Senate Questions Jeff Sessions About Contacts With Russian Officials

President Donald Trump smiles during a Cabinet meeting, Monday in the Cabinet Room of the White House in Washington.

CORNISH: Meanwhile, in the last 24 hours or so, some allies of President Trump have floated the idea that the president might consider firing special counsel Robert Mueller.

Coats will also meet with members of the Senate intelligence committee Thursday, one week after his tense grilling by the panel, according to a committee source. To his boss? To his former Senate colleagues? Sessions cited a Justice Department policy which blocks officials from testifying about private discussions with the President. Former FBI Director James Comey told Congress last week he believes he was sacked by Trump to undermine the agency's Russian Federation probe. He also had prior conversations with Comey, who testified last week that, following a February 14 meeting with Trump, he told Sessions that he never again wanted to be left alone with the president. Ron Wyden, D-Ore., pressed Sessions on why the attorney general actually recused himself from the Russian Federation investigation. "It would be premature for me to deny the president a full and intelligent choice about executive privilege", he said. I can tell you that for absolute certainty.

Sessions insisted that he didn't want to be rushed during his questioning, because he didn't want to be later accused of lying should he not properly qualify his answers.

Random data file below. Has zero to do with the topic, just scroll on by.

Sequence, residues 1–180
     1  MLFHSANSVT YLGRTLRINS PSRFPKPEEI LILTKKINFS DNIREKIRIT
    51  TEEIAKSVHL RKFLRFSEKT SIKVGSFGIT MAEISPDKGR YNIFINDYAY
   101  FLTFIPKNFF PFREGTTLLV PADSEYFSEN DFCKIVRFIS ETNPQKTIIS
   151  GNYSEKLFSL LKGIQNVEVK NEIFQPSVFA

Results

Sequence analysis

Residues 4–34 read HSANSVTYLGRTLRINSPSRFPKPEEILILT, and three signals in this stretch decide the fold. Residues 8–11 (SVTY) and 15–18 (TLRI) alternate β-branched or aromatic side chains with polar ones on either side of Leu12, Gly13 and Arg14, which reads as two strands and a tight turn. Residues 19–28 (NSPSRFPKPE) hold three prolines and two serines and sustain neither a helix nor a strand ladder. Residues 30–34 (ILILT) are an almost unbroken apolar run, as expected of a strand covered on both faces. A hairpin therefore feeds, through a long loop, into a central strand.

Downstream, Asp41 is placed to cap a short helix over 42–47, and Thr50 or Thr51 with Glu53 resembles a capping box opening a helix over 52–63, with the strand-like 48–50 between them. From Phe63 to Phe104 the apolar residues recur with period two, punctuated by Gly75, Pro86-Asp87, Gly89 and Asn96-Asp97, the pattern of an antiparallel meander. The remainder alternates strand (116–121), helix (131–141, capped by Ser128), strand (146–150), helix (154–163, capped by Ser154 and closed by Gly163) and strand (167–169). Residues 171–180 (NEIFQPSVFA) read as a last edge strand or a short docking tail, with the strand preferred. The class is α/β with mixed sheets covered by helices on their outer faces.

As a longtime senator from Alabama, Sessions will be granted some degree of deference, at least from Republicans.

Warner made clear in his opening remarks they were already planning to bring Sessions in for questioning later this year, well before Sessions offered to appear before them.

Plain and simple. He even said it himself.

Like Trump, Sessions had betrayed a deep lack of curiosity about Russia's interference in the presidential election, admitting he had never received an official briefing on it.

Sessions came under fire earlier this year after he denied meeting with Russian officials during his January confirmation hearing, but later told reporters that he had met with Russian Ambassador Sergey Kislyak twice. Comey - a man whom, it was revealed Tuesday, Sessions wanted gone before Day 1 - intimated in testimony last week that Sessions' potential conflicts went deeper than were originally known.

In a February meeting, Comey said, Trump told Sessions and other administration officials to leave the room before asking him to drop a probe into former National Security Adviser Michael Flynn's contacts with Russian Federation.

"Well, I guess I'm concerned about your recollection, really, because it's not that long ago", Sessions said.

At one point during his hearing, Comey said that he voiced concerns about conversations with President Trump to Sessions. Trump has suggested there might be tapes of his encounters with Comey; Comey said last week that "lordy" he hopes there are.

Wyden said Monday that Sessions hasn't engaged in anything close to a real recusal. "I basically recused myself the first day I got into the office because I never accessed files" about the probe, he said.

Trump has also signaled his disappointment with Sessions in recent weeks, but for different reasons. Sessions recused himself from the Department of Justice Russia investigation in March, but then signed a letter endorsing Comey's firing in May.

Attorney General Jeff Sessions, center, testifies as he is photographed on Capitol Hill in Washington, Tuesday, June 13, 2017, before the Senate Intelligence Committee hearing about his role in the firing of James Comey, his Russian contacts during the campaign and his decision to recuse from an investigation into possible ties between Moscow and associates of President Donald Trump.

  • Larry Hoffman